Traveling by air with beer


By Bryan Kolesar, website: The Brew Lounge, (Twitter: @BrewLounge)

PHILADELPHIA, January 31, 2014 — Vacation is winding down. You have relaxed and soaked up the local culture. You’ve picked up a thank-you gift for the neighbor watching your house. You’ve picked up some future holiday and birthday gifts.

Now for a little something for yourself, you are considering bringing home a few bottles of beer (substitute wine wherever I say beer, if that’s more your thing).

But, then you’re reminded of the TSA ban on liquids in forms greater than 3.4 ounces (100ml) on board of domestic U.S. flights. Many people I speak with say that is where any thought of bringing indigenous beverages home from their vacation ends.

With a bit of planning and some careful packing, it really is not that difficult to bring tasty treats of beer home by plane. The first, and perhaps most significant key, is getting past the mental sticking point of packing bottles in checked baggage.

Bottles of beer that you bring home will likely be at least 11.15 ounces (330ml, or 1/3 liter) and up to 25.36 ounces (750ml, or 3/4 liter). I once brought home a 1.5 liter bottle of very special beer from San Francisco, but that likely is a more infrequent occurrence, so let’s keep this conversation to bottles of 750ml and smaller.

Following are some tips for increasing the chances of successfully bringing a bottle of beer home to enjoy from your favorite faraway brewery.

Don’t tip the scales– Considering the strict weight limits for checked baggage, you will want to carry a small hand-held scale with you so that you can ensure proper baggage weight before you get to the airport. There is no reason to pay more for your checked beer than you already have.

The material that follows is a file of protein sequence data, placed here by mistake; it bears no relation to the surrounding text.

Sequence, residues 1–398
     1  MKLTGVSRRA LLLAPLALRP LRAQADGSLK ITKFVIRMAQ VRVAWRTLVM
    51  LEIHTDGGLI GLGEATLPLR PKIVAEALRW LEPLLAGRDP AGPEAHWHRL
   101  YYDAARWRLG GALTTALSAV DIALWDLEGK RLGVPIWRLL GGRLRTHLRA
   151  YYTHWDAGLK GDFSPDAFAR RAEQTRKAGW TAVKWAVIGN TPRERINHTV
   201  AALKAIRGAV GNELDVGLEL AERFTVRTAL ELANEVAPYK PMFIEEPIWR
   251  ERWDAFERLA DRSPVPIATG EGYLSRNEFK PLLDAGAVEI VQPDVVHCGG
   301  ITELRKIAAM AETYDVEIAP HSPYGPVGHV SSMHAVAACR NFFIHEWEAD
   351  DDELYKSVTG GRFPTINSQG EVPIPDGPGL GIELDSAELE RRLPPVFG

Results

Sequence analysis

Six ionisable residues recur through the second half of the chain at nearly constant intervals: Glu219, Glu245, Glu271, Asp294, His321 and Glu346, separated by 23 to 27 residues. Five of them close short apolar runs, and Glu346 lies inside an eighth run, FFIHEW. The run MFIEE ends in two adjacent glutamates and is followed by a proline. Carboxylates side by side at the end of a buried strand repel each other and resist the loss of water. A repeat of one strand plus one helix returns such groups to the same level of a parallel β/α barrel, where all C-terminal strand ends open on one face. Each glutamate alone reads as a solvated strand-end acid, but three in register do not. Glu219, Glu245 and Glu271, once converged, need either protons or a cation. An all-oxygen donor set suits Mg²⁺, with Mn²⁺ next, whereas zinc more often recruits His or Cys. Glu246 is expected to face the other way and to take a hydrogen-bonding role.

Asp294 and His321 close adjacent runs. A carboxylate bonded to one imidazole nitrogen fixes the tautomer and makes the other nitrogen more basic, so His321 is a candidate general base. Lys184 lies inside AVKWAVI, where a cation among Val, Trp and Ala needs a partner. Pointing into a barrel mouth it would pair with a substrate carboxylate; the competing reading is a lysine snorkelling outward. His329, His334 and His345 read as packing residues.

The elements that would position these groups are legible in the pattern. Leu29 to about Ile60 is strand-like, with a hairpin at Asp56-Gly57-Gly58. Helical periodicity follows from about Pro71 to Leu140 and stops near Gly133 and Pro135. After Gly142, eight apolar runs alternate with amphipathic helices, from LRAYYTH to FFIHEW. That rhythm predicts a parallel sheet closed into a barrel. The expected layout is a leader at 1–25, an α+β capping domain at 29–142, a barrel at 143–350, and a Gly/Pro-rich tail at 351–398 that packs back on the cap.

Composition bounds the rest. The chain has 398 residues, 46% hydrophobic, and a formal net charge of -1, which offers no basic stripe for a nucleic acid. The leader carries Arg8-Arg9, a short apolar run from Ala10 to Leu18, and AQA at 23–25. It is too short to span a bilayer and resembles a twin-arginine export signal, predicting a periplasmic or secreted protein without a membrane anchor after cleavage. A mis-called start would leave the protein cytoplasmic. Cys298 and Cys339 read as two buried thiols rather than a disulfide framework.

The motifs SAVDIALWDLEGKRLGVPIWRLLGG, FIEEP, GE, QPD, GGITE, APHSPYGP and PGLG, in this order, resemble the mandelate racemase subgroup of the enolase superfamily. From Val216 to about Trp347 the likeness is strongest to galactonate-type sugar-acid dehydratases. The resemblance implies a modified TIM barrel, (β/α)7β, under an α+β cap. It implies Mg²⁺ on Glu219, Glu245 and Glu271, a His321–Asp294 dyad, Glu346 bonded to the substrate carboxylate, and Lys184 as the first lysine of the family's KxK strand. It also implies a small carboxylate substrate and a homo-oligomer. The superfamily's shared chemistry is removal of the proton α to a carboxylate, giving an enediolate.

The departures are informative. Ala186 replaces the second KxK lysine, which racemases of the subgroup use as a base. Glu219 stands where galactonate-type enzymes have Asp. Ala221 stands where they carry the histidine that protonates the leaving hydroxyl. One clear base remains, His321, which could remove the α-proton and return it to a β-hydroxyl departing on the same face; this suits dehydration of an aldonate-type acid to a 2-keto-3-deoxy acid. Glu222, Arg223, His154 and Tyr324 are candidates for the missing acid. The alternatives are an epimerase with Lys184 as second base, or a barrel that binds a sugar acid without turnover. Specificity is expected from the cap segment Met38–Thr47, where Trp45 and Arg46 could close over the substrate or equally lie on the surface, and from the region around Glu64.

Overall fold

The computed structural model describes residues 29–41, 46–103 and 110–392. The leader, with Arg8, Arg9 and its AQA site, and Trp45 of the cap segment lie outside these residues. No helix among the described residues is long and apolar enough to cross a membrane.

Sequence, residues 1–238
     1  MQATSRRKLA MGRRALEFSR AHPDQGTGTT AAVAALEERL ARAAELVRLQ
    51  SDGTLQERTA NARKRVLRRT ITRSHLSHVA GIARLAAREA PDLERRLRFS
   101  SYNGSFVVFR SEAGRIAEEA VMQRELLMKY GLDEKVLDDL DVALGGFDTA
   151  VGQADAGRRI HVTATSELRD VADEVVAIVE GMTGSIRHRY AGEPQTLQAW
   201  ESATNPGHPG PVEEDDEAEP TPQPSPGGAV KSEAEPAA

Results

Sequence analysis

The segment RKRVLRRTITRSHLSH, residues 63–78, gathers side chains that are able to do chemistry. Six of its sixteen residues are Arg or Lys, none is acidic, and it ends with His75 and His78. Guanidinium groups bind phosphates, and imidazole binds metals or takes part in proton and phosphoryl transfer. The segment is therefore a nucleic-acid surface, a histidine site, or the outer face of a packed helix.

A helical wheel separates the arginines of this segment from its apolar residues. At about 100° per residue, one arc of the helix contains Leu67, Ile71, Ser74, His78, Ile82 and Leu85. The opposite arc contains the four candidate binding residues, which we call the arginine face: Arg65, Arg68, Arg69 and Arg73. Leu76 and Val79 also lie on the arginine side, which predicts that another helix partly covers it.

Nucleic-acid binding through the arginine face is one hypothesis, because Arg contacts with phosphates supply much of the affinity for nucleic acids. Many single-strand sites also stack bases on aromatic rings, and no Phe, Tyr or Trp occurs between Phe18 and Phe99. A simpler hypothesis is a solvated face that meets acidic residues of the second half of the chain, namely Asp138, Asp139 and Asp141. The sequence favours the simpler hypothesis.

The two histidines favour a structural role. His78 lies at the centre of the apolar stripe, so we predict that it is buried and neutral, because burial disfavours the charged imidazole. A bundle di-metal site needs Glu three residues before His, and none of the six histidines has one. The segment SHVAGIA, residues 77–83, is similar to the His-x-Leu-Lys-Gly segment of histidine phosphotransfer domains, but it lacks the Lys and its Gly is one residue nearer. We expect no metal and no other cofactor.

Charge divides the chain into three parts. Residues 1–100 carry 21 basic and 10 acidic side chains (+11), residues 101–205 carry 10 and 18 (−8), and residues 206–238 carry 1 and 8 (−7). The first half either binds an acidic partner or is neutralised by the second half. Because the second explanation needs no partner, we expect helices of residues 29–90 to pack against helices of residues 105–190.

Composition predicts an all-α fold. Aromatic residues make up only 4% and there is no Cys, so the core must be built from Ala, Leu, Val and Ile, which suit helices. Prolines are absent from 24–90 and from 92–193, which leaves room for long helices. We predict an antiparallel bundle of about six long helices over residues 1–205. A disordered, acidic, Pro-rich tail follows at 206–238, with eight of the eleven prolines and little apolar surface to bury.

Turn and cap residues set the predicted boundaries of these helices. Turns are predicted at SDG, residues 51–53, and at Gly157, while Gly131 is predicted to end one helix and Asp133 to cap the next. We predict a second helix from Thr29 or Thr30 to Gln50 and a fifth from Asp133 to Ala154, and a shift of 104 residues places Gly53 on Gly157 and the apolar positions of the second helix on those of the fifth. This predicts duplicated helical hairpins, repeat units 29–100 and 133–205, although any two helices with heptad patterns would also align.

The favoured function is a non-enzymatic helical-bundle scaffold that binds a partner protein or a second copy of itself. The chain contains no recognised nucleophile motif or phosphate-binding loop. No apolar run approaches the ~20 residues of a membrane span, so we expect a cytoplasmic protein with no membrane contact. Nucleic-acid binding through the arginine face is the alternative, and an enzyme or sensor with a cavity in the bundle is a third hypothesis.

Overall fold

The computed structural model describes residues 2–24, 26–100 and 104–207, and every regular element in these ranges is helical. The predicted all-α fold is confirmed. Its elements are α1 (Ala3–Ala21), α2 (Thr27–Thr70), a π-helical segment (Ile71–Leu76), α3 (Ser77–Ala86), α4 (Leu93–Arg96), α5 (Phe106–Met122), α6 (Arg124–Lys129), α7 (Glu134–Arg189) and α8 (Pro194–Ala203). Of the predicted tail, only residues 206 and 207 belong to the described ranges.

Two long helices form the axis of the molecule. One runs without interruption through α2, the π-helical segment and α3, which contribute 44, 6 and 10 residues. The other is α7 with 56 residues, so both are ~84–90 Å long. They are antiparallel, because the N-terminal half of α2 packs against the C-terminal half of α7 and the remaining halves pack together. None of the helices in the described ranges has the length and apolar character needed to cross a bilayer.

Choose wisely– If you are not planning to check a bag, but bringing home beer now forces you to do so, most major airlines will charge a fee, even for the first bag, that starts as low as $15 but typically is $25 or greater. Only one major domestic U.S. airline does not charge a fee for the first two checked bags. This may be an airline worth looking at when making your plans if you think there is a good chance that you will be checking a bag, particularly with beer.

Pack the wrap– Bubble wrap, packing tape, and newspaper are a few of the choice items you could pack in your bag when leaving home that will make your beer travel easier and tidier when you are packing to return home.

Reuse, re-purpose, recycle– Why let hotel housekeeping simply throw away the daily newspaper that gets dropped outside the hotel room door? Repurpose it and then recycle it when you get home. One day’s newspaper can often provide enough packing material for wrapping at least a half a dozen bottles. If you didn’t bring the bubble wrap and tape from home, these newspapers work well and you can often find tape in the hotel’s business center.

Dirty laundry still serves a purpose– In a pinch, without any of the materials mentioned above, small bottles can be slid inside of shoes (and laced over). Socks can hold small bottles as well. T-shirts can be good for wrapping around larger bottles.